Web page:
The Jakarta Post
Publicly listed state lender Bank Tabungan Negara's (BTN) profits plummeted by more than 90 percent last year as nonperforming loans and costs of funds rose amid a challenging business climate for the banking industry.
The mortgage-focused bank booked Rp 209.26 billion (US$15.3 million) in profits in 2019, down by 92.5 percent year-on-year, BTN president director Pahala N. Mansury said on Monday. The sharp decrease in profits was caused by BTN's decision to comply with new accounting standards that require loan loss provisions to cover both good and bad loans, he said.
As a result of the implementation of Accounting Standard 71, which took effect this year, BTN’s loan loss provisions almost doubled, jumping by 85.4 percent to Rp 6.16 trillion in 2019, from Rp 3.29 trillion in 2018.
Pahala also blamed increasing costs of funds for the bank’s nosediving profits last year.
“Higher costs of funds were putting pressure on our ability to create profits last year,” he said during a press briefing in Jakarta. BTN’s costs of funds went up to 6.1 percent last year from 5.77 percent in December 2018.
The bank also recorded a jump of bad loans in 2019 as Pahala said BTN’s gross nonperforming loans (NPL) skyrocketed from 2.78 percent in 2018 to 4.78 percent last year, nearing the 5 percent level considered healthy.
Loans, meanwhile, grew 7.36 percent to Rp 255.82 trillion in 2019, higher than the broader banking industry’s 6.08 percent loan growth in 2019, the lowest since 2009, as weak economic activities took a toll on local lenders.
Economists have warned that rising bad loans during a global economic slowdown and tight liquidity in a low interest rate environment would pose major challenges for Indonesia’s banking industry going into 2020.
BTN’s remedial and wholesale director, Elisabeth Novie Riswanti, said the bank would try to sell its NPL to other parties to improve the bad loan ratio. Potential takers include state-owned secondary mortgage market company PT Sarana Multigriya Finansial (SMF) and asset management firm PT Perusahaan Pengelola Aset (PPA), she added.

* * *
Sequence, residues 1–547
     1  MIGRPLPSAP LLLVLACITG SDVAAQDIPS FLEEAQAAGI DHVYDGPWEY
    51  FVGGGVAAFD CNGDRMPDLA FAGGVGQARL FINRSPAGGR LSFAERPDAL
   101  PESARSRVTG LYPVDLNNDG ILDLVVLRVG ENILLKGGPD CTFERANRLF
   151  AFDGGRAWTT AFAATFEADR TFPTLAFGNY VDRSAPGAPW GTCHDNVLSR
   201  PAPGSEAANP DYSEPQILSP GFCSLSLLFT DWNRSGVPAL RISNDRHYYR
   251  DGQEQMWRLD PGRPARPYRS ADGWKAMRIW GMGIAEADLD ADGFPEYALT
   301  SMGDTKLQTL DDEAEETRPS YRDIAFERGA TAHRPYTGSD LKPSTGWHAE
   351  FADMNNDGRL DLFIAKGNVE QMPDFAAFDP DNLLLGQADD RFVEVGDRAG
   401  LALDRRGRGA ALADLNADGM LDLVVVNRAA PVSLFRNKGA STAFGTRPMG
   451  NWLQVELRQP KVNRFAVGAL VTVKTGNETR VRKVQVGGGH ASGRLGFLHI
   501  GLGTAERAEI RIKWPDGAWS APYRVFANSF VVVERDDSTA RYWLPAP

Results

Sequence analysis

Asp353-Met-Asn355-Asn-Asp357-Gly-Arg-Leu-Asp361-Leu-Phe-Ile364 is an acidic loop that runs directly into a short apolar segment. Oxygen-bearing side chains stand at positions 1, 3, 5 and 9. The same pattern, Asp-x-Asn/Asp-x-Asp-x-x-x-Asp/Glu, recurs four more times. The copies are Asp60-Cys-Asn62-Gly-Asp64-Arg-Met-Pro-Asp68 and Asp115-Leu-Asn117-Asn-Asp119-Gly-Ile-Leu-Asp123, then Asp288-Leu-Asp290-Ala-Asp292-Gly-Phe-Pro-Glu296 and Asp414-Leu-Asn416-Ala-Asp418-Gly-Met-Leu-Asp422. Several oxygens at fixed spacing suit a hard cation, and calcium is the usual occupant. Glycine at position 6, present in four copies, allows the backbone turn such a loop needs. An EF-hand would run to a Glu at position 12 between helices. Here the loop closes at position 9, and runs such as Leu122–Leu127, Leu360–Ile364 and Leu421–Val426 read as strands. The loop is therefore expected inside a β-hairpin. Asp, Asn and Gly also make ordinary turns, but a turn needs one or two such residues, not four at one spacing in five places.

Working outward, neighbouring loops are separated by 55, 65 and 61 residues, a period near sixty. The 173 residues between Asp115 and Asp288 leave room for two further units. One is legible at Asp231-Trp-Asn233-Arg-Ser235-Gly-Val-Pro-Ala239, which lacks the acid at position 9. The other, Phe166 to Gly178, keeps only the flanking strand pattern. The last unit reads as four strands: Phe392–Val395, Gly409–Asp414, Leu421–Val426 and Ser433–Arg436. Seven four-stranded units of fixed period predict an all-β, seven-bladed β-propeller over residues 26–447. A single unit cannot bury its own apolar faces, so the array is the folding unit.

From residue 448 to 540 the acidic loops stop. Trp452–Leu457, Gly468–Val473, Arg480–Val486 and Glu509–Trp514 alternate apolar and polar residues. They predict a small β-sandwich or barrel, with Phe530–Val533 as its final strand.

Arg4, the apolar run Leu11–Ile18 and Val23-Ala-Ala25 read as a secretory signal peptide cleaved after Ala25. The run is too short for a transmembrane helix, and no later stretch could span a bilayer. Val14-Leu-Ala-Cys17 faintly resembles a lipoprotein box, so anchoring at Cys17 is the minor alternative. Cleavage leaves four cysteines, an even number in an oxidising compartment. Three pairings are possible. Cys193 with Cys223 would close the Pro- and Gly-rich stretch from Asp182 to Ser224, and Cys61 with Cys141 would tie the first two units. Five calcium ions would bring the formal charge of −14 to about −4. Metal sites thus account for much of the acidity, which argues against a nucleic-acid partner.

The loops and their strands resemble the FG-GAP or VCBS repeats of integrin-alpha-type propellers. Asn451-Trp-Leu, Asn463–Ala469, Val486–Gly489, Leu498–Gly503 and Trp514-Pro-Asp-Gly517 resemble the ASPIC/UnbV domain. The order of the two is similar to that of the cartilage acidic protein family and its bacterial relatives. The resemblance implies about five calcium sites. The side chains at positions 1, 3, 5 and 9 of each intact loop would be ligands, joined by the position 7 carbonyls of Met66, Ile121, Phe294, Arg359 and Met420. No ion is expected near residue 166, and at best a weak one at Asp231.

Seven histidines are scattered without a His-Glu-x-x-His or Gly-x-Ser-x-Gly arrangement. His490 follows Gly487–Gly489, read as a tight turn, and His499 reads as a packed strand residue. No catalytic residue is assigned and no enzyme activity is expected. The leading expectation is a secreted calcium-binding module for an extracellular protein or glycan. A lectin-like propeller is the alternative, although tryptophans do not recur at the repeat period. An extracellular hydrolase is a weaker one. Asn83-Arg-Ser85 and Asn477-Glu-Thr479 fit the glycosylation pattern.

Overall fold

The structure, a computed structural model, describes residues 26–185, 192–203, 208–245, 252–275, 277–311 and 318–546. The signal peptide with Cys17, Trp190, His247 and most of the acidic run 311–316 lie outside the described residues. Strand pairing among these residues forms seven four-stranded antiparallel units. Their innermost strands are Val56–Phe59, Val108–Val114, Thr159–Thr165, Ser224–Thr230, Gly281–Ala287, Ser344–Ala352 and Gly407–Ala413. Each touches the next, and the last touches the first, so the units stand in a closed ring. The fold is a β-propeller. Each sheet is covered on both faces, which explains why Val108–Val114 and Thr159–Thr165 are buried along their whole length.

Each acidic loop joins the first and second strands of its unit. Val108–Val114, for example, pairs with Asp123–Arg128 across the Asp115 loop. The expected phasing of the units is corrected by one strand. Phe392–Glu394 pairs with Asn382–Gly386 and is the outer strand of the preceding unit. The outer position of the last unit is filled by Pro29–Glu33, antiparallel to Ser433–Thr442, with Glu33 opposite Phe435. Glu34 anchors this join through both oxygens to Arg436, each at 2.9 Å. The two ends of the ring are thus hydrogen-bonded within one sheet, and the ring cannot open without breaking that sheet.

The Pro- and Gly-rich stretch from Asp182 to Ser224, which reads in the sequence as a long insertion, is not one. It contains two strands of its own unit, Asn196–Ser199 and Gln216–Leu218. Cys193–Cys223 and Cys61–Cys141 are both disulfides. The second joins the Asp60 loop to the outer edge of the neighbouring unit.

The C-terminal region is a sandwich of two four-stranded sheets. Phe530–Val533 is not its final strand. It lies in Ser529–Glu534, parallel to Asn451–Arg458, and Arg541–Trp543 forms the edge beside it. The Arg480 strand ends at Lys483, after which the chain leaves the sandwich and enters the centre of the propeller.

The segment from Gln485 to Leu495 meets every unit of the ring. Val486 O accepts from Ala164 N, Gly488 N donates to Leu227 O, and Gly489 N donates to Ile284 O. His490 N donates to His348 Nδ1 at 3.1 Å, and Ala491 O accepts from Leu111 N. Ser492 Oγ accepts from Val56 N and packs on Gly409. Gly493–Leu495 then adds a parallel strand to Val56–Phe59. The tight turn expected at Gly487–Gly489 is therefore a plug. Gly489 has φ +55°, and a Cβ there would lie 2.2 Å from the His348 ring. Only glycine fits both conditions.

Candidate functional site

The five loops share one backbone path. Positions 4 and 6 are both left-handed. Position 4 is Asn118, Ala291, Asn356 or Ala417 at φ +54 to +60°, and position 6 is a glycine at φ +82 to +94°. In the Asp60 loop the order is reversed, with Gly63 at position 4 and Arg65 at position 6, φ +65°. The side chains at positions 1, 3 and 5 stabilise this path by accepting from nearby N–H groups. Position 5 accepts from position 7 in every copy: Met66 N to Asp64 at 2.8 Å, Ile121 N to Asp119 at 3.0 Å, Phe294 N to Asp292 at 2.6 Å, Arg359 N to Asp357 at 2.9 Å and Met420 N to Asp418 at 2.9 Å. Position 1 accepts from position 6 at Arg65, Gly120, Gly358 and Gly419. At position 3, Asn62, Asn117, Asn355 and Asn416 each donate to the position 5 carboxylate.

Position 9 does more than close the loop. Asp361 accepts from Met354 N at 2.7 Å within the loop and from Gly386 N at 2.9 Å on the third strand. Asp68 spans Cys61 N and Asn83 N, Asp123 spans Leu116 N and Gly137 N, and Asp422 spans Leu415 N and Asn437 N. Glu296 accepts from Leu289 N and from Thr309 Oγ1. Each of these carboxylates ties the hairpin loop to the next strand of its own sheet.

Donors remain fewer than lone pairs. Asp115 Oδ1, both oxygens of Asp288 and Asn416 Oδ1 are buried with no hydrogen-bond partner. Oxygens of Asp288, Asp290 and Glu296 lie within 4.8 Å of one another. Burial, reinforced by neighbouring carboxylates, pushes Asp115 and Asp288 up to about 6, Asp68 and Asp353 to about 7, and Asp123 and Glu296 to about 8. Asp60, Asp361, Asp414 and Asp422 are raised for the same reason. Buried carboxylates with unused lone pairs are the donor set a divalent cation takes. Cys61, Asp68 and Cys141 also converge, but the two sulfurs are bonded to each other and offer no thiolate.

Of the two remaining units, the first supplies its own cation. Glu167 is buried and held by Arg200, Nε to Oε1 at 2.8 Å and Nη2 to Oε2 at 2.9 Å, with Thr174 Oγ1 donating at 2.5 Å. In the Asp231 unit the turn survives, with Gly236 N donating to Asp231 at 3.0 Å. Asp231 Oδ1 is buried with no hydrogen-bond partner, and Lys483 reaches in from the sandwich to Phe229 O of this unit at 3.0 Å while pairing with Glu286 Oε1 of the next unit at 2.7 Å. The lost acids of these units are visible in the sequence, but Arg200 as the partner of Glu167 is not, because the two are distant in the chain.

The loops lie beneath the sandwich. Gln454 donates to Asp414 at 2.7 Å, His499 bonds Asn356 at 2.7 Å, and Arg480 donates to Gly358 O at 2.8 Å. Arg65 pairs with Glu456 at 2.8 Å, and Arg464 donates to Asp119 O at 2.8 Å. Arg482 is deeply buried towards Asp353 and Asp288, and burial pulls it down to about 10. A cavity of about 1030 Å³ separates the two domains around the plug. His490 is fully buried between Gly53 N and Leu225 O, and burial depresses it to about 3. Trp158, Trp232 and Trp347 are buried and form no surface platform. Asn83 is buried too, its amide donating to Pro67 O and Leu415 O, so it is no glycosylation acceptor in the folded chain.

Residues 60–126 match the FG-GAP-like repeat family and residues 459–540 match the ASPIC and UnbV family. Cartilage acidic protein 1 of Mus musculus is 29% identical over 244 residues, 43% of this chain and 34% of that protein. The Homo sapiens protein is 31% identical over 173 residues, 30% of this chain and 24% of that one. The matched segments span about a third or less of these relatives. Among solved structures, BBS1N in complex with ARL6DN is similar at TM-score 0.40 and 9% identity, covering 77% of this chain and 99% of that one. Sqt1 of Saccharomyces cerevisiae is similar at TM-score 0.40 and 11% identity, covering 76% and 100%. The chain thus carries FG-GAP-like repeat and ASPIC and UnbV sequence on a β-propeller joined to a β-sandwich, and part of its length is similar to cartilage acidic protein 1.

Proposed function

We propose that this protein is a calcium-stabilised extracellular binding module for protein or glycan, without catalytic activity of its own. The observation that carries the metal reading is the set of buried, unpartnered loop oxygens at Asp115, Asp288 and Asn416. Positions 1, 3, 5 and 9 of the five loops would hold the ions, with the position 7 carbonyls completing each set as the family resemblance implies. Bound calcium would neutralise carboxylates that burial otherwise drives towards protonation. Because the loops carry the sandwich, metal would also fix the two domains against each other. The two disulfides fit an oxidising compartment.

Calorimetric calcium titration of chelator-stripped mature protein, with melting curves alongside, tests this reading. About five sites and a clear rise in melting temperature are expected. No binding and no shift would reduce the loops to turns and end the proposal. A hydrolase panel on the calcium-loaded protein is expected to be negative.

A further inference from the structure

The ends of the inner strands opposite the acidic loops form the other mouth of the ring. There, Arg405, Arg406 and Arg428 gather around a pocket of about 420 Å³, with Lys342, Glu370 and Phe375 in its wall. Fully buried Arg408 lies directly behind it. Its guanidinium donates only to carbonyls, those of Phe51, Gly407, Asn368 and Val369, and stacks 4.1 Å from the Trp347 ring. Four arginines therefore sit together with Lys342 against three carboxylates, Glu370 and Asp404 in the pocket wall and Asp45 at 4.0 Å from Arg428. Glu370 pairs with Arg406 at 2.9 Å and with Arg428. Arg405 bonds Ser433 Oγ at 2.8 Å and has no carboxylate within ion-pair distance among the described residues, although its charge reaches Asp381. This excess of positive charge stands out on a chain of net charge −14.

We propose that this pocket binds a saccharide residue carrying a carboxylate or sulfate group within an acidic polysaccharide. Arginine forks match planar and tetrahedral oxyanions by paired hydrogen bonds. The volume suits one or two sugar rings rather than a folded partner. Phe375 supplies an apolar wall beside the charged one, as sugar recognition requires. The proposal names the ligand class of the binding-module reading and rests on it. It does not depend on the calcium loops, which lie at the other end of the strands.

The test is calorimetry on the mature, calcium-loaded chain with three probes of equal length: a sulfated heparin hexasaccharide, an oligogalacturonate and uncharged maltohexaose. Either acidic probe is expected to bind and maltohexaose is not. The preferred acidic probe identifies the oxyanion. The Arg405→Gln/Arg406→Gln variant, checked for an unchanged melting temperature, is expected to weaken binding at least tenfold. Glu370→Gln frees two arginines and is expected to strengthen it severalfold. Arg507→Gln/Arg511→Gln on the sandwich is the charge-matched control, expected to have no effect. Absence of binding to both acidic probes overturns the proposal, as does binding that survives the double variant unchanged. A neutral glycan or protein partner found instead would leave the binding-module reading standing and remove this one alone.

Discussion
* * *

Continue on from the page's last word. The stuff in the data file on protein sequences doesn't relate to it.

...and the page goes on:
“We will also auction collateral assets from the bad loans and offer them to developers and investors in the future,” Elisabeth said.
Pahala forecast that such a measure would hopefully improve its NPL ratio to between 3 and 3.5 percent by the end of this year.
BTN’s finance director Nixon Napitupulu explained the jump of the bad credit ratio by its decision to consider low-quality loans, particularly in the commercial high-rise segment, to be included as NPL.
“We decided to consider loans that have been restructured more than two or three times that we deemed to not have good prospects for NPL so that we can sell them to other parties,” he said.
Shares in BTN, traded on the Indonesia Stock Exchange under the code BBTN, closed at Rp 1,795 apiece on Monday, up 1.7 percent from the previous trading day. The stocks have slumped nearly 30 percent in the past year, underperforming the broader benchmark Jakarta Composite Index’s 9.7 percent drop.